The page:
The Value of Critique Groups 30 June 2014

It’s impossible for me to be my own critic. It doesn’t matter how much self-editing and revision I do sooner or later it becomes important for independent others to judge the big-picture needs of my work …


And, I think it’s better for this to happen prior to consideration of a manuscript assessment for a fee or/and prior to submission to a publisher.


It took me a long time to agree to join a critique group because I hadn’t found the group that suited my needs. I’d heard of some of the pitfalls of traditional critique groups and was wary:

-       Group too large, too many submissions to read and comment upon in the time period allocated, lack of continuity with submission or attendance, too far to travel;

-       Dominant personalities in a group hogging the time allocated and criticism not always directed at the work;

-       Comments being destructive rather than constructive;

-       A writer being trapped into the morass of others’ ideas and losing their own direction;

-       Different skill range and experience in the group leading some members to believe they know more than others and the others feeling intimidated and self-conscious about their work etc.


But, I knew of the value of being in a critique group – Libby Gleeson has said to me more than once that her writing would not have developed in the early days of her career had she not had the good fortune to be in a critique group of three members for ten years. One of Libby’s fellow group members was Nadia Wheatley.


Then, last year I decided to participate in a course at the NSW Writers’ Centre called “Fiction Feedback: Critique Group”. It ran for three months and was led by a professional editor. Parameters were set and rules put in place to avoid the pitfalls and to create a positive, learning environment.


At that course three of us decided to form our own on-line critique group ­– during the course we’d developed a mutual respect and trusted each other’s opinion and we’d already experienced that each of us recognised individual voice and unique story-telling. We’re all female, of comparative education, varied work experience but at senior levels in our previous or current employment, have all been writing and studying our craft for years, aim to be traditionally published and the three of us own and love cats! Purrrr … fect for me!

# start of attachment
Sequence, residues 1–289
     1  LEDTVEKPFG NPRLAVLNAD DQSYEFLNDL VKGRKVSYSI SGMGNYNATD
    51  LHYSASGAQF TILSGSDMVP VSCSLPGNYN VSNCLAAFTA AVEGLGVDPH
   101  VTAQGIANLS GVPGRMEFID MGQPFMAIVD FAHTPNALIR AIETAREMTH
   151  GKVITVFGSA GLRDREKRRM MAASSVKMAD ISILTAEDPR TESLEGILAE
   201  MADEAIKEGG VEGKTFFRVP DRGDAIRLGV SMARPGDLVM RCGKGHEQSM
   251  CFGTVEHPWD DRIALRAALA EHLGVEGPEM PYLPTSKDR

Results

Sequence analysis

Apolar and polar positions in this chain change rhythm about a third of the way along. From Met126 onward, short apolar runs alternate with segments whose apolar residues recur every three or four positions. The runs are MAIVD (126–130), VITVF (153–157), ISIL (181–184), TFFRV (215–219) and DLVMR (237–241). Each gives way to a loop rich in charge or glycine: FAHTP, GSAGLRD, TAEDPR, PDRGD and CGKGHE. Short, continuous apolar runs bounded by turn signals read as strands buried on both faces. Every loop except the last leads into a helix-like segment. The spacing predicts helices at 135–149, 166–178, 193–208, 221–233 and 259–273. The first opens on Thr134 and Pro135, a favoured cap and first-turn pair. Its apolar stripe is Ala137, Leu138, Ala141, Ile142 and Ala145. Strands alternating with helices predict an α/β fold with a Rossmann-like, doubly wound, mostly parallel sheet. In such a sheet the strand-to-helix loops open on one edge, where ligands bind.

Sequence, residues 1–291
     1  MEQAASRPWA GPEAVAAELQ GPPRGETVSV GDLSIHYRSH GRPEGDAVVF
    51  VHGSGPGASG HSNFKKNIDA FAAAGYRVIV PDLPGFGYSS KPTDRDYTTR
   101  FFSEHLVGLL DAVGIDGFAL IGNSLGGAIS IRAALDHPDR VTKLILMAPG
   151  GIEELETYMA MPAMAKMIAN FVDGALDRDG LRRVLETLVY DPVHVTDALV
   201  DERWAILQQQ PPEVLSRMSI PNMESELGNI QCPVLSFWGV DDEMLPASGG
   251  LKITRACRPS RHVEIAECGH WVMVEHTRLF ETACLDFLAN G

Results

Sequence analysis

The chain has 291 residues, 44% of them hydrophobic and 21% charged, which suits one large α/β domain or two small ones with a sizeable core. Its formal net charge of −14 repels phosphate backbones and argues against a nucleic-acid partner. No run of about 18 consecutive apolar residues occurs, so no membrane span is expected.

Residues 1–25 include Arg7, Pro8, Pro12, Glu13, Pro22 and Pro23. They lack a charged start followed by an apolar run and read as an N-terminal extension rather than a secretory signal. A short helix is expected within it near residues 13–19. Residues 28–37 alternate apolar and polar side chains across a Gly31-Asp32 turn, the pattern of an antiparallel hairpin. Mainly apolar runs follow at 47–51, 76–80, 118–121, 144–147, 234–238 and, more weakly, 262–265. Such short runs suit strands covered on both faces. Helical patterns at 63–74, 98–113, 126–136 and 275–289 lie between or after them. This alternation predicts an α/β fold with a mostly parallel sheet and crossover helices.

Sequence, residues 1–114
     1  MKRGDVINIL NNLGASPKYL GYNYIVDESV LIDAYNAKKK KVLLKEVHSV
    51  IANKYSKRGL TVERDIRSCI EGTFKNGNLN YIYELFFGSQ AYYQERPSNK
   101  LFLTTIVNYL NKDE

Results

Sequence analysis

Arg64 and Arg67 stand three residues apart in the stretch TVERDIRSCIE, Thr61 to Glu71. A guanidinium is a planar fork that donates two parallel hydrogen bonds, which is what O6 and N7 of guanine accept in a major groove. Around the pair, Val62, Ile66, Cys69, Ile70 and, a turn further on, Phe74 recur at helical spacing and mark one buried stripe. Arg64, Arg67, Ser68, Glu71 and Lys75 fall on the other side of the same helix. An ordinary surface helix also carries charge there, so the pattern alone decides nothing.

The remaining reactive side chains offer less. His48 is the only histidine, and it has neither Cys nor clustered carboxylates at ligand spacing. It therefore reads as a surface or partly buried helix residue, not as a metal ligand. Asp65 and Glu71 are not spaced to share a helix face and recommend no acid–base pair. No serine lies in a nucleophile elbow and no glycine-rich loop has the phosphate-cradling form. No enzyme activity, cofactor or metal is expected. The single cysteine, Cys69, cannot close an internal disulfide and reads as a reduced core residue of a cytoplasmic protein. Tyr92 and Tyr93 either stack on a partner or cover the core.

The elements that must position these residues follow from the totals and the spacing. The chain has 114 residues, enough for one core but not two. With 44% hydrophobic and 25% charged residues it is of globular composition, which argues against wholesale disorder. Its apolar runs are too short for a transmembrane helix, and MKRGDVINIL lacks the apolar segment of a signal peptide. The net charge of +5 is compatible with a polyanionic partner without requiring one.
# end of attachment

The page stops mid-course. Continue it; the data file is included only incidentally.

This is how we run our group:

-       We selected a leader who sets the dates for submissions (allowances for Christmas and Easter holidays), follows up, keeps us motivated etc but when we email anything we email all three of us. We decided to be a “closed group” (no new members), committed to each other’s work, and we call ourselves the Fic Chicks;

-       Each second Saturday we submit any piece of writing of any length but up to 6,000 words, not necessarily the next section of our current novel.  I’ve submitted adult poetry, picture books, articles, YA and junior novel pieces. We can submit a re-worked piece. It's okay not to submit, but we've promised we will critique the work we receive from other group members

-       In our covering email each fortnight we ask for direction on specifics if we want it e.g. Does this character work? Does the dialogue ring true?  Can you suggest improvements to the prologue? Is a prologue needed?

-       By the following Saturday we return our comments by way of “Track Changes” in the document

-       Once we receive the critique we can email asking for clarification or we give feedback on the critique and we always say ‘thank you’

-       We suggest revisions in our area of expertise e.g. one of us is stronger in the mechanics of grammar, another in sentence structure and vocabulary, another in POV

-       We point out the great moments as well as the problems but we don’t re-write for each other

-       We don’t feel we have to change our MS to suit the critique. However, we are often surprised that the two critics of the third person’s work will comment the same way and then the alarm bells go off and we’d be foolish to ignore the suggestion.


The three of us know each other quite well now and have lunch every three months for a general catch up. We all look forward to that. I believe my writing is improving because of the valuable insights the Fic Chics offer and I appreciate their time as we’re all time-poor.


So, when a new writer asks me if they should join a critique group I always say yes but stress how important it is to find the right one to suit individual needs. 



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